Because of the high viscosity of fuel in low-temperature environments, jet fuel in a pressure-swirl (or simplex) atomizer undergoes a transitional stage in which an unstable mode of the jet is found. This transitional instability at low fuel temperature is observed not only at an external location, where the pulsation of a hollow cone is visualized, but also inside the atomizer, where measurement of the flow's inlet pressure and flow rate takes place. The breakdown of an air core (formed due to high centrifugal acceleration inside the swirling atomizer) may explain the instability. When the jet is stable at high temperature, a hollow cone is formed and the mass flow-rate distribution forms a hump at the spray collection plate, at the downward location. When the fuel temperature is decreased, the hollow-cone spray becomes a solid-cone spray, due to the disappearance of the air core inside the atomizer, in which case turbulence begins to dominate. The objective of the current work is to measure the effect of liquid temperature and viscosity on the atomization behavior of a pressure-swirl nozzle. In the experiment, kerosene-based aviation fuels (referred to as Fuel A and Fuel B) are the working fluids. The inner diameter of the orifice at the fluid exiting location is 1 mm. The ranges for the operating pressure and fuel temperature are 0.2 MPa < P < 1.0 MPa and 253 K < T < 313 K, respectively. Copyright ® 2007 Begell House, Inc.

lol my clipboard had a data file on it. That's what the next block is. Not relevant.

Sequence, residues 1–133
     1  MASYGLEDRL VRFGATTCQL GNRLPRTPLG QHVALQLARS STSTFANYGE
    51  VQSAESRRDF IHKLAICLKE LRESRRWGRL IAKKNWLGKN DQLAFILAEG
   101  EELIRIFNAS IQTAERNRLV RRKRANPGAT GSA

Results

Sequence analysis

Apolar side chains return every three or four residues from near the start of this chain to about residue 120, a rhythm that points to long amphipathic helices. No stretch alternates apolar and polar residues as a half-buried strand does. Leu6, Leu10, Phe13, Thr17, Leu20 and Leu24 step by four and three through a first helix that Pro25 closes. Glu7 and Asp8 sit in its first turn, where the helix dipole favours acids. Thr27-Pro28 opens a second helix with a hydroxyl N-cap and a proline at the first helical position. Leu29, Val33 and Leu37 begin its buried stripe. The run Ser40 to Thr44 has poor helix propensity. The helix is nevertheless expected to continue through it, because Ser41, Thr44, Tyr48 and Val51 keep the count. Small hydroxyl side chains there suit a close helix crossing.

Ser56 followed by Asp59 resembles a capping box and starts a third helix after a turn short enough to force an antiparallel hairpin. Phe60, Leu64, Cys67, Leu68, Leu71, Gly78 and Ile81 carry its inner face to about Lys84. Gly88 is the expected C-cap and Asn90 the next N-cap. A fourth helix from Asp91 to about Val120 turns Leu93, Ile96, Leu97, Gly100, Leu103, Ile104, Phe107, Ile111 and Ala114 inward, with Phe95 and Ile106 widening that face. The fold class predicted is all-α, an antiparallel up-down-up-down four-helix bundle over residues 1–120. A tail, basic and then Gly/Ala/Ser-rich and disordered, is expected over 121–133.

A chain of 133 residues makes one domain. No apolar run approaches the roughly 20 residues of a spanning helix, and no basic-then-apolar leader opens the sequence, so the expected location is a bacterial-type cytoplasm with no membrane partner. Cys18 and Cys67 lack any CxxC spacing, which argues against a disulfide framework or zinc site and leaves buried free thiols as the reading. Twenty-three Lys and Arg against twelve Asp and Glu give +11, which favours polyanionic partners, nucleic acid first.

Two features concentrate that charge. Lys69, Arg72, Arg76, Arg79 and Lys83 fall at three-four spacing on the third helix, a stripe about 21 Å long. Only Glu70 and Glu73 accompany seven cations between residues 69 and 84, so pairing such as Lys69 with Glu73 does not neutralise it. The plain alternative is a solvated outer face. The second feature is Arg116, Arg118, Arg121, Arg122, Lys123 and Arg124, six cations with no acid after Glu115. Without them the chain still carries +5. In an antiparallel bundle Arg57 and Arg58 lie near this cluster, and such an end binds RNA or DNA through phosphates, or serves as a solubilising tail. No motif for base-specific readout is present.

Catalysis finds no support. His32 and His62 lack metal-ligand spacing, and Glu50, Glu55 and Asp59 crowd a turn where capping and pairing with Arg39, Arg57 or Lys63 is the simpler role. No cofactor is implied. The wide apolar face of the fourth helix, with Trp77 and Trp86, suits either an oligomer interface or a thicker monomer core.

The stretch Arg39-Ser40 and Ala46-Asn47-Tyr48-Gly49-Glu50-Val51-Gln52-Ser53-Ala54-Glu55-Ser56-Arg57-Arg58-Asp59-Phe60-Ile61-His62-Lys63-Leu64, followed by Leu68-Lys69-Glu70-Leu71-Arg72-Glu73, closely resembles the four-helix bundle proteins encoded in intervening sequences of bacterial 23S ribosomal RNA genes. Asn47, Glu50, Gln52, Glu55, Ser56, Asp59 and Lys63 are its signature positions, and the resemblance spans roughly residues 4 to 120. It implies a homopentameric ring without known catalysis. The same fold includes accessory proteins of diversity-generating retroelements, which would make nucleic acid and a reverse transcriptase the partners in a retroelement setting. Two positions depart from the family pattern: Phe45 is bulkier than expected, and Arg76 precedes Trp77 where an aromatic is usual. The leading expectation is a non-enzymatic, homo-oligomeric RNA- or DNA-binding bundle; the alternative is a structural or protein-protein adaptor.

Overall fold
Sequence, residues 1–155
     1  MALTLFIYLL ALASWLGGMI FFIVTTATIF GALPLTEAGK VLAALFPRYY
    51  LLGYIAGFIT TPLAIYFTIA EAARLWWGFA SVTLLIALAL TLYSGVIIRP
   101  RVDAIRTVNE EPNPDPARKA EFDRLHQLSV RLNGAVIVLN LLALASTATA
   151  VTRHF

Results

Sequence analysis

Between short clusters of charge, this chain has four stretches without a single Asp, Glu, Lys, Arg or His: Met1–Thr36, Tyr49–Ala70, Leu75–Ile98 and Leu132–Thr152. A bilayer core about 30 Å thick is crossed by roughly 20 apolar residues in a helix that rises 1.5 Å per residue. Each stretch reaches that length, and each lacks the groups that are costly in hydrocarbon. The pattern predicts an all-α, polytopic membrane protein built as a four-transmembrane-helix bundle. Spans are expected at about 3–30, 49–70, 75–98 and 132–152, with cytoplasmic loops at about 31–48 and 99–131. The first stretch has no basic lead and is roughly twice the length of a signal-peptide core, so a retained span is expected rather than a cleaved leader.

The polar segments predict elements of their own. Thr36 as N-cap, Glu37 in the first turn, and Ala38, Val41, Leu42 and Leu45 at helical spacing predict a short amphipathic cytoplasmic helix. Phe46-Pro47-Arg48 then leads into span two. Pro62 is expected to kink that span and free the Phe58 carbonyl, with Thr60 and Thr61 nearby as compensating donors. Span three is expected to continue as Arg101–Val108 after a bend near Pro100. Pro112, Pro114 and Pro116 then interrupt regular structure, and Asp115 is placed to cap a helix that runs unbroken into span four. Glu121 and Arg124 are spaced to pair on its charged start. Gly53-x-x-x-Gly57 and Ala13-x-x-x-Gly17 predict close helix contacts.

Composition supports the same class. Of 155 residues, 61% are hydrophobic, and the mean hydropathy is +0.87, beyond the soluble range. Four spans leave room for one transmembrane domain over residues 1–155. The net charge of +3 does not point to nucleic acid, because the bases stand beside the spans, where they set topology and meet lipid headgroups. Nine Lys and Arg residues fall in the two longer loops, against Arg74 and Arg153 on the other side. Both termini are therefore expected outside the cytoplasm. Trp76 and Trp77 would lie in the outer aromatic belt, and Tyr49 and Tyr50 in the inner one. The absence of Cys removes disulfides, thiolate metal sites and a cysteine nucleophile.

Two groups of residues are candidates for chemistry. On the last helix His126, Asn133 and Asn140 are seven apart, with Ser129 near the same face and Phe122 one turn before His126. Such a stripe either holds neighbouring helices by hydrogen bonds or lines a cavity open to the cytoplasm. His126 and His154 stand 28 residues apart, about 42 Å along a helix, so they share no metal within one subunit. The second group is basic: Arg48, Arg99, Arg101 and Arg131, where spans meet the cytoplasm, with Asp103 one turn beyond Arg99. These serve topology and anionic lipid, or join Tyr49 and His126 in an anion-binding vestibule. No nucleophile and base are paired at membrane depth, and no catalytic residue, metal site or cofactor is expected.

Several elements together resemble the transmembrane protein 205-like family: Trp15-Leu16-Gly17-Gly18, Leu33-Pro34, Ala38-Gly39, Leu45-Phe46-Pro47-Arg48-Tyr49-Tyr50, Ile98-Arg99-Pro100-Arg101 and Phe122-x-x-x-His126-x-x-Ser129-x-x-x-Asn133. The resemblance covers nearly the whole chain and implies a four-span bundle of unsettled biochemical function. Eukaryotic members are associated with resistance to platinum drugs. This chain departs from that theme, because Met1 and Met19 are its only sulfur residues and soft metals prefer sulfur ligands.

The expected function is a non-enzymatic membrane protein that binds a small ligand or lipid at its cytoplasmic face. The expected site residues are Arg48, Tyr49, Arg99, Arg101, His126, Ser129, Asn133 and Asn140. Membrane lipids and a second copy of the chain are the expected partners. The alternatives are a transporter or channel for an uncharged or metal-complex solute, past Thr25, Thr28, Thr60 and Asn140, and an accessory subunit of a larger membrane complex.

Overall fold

ASJC Scopus subject areas
- Chemical Engineering(all)